The Metra Board of Directors today approved the agency’s 2012 budget, which includes fare increases across all ticket types and a variety of other changes to Metra’s fare policies. Starting February 1, 2012, one-way tickets will increase an average of 15.7 percent across all fare zones, while 10-ride tickets will go up an average of 30 percent and monthly passes will increase an average of 29.4 percent. Reduced-fare one-way tickets will increase an average of 10.3 percent, reduced-fare 10-ride tickets will increase an average of 18.9 percent, and reduced fare monthly passes will go up an average of 10.8 percent. Taken together, the overall average increase is 25.1 percent.
The following statement from Steve Stanek, a research fellow for budget and tax policy at The Heartland Institute – a free-market think tank – may be used for attribution. For more comments, refer to the contact information below. To book a Heartland guest on your program, please contact Tammy Nash at [email protected] and 312/377-4000. After regular business hours, contact Jim Lakely at [email protected] and 312/731-9364.
“I suppose it’s only fair that Metra riders get slapped around with these big fare increases. For the last three years, everyone else in the Chicago region has been slapped around by some $500 million of annual sales and real estate transfer tax increases that were imposed to fund Metra, the Pace suburban bus system, and the Chicago Transit Authority.
“As a part of a government entity with the power to force people to fund it – even when people don’t use it – Metra and the other Regional Transportation Authority services don’t have to worry much about customer satisfaction or ensuring that prices reflect demand.”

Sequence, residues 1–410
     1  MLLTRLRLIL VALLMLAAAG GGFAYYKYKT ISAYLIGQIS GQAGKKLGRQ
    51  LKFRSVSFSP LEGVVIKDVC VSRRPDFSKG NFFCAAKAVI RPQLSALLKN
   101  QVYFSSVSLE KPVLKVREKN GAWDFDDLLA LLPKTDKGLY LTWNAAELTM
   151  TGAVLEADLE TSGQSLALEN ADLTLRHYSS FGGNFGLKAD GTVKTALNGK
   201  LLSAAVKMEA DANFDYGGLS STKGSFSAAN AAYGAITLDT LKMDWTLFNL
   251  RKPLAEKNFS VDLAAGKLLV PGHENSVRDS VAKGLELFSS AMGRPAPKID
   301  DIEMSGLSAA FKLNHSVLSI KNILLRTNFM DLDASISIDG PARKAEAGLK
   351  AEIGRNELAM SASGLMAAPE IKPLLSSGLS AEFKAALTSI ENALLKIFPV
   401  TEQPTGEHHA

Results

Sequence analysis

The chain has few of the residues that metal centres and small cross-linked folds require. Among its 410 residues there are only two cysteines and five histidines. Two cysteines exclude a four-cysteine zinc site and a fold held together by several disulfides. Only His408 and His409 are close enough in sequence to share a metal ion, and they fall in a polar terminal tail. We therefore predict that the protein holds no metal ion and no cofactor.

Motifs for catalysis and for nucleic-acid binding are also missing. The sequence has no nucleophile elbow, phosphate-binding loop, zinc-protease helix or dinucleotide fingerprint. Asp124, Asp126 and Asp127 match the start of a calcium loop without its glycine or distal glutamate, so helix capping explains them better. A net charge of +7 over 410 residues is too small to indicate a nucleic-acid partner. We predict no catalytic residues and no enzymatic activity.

My take on the Metra fare hike is that it too low for rush hour travelers and too high for off-peak travelers. The fact that trains are overcrowded during rush hours is a strong indication that the price is too low. This is true whenever patrons of any good or service have to wait in line or are crowded. Another distortion in the allocation of resources is running near empty trains during off-peak times.
My suggestion is to double the the fares for rush hour trains and cut in half the fares for off-peak trains. This will not hurt low income travelers because they are typically on a different schedule from office workers. Think of restaurant workers. janitors, and hotel maids. The side benefit is that it will educe somewhat the need for new equipment and at the same time provide funds for capital investment. It might also signal private transportation providers like subscription buses and jitneys to skim the cream off the top of the peak crowding. This will drastically reduce the time costs of all travelers, which is not all that bad.
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